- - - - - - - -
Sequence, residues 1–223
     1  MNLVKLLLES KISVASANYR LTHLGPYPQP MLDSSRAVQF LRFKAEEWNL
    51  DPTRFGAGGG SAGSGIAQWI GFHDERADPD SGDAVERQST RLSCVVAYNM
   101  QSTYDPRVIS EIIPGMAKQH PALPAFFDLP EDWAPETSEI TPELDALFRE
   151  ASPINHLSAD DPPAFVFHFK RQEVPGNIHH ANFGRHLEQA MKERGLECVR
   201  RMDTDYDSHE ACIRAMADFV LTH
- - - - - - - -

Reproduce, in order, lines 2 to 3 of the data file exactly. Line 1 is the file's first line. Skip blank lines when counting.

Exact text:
     1  MNLVKLLLES KISVASANYR LTHLGPYPQP MLDSSRAVQF LRFKAEEWNL
    51  DPTRFGAGGG SAGSGIAQWI GFHDERADPD SGDAVERQST RLSCVVAYNM